Japan Teachers’ Union has voiced concern over students’ wellbeing during the school closures brought about by the COVID-19 pandemic. Temporary educators also face serious problems as classes are suspended. The union is working with the national Ministry of Education and Parliament to find solutions.
On 27 February, the Japanese Government ordered the temporary closure of elementary, junior high, high and special needs’ education schools from March 2 until the first day of the spring holidays. According to the Japan Teachers’ Union (JTU), students, educators, and parents are concerned about the consequences of the school closures for the provision of education, the impact on vulnerable students and the precarious situation of temporary staff. The JTU is affiliated to Education International.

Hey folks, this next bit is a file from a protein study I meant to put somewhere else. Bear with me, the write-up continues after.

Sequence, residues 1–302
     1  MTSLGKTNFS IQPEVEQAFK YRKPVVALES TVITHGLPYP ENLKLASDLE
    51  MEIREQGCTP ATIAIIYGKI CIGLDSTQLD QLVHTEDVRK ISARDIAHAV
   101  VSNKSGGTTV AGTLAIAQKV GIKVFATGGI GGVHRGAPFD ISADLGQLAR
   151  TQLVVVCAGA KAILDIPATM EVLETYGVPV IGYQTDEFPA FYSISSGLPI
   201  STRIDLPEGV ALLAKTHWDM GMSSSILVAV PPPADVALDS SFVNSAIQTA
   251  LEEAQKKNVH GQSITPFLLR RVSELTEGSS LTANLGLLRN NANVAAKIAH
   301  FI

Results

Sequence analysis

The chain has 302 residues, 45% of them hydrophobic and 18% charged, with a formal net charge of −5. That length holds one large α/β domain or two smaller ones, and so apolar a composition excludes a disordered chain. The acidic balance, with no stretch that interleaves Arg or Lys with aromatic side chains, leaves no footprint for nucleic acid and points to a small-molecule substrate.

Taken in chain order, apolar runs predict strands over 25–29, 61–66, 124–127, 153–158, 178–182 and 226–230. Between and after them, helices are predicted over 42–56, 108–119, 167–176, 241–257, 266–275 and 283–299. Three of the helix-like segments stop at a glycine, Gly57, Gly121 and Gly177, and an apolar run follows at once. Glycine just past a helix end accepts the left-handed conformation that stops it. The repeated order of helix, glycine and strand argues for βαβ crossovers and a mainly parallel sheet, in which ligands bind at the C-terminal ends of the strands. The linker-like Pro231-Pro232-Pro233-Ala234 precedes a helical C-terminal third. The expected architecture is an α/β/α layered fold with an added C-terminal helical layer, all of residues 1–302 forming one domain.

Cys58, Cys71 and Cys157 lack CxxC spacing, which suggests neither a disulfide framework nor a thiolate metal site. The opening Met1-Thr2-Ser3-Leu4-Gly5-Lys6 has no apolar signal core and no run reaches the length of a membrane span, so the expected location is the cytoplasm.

With schools closed around the country, children - especially those from poor economic backgrounds and/or with special needs – may not have access to safe and comfortable environments, cautioned the union.
In addition, the measures will negatively impact many temporary educators in terms of their employment status, possible dismissals and salary uncertainty. The Government has passed new legislation to tackle the impact of the Coronavirus Disease 2019 (COVID-19). It is also set to adopt a special economic package to compensate for salary losses caused by the temporary closure of schools, as well as by the cancellation of school events.
The JTU stressed that it will also be necessary to implement mental healthcare measures due to the long-term restrictions on the movement of people. In addition, the curriculum at all levels will have to be adjusted in response to the new status quo in the country.
The union reports it has been in talks with the Ministry of Education and with members of the Parliament regarding these issues, requesting support for schools and parents.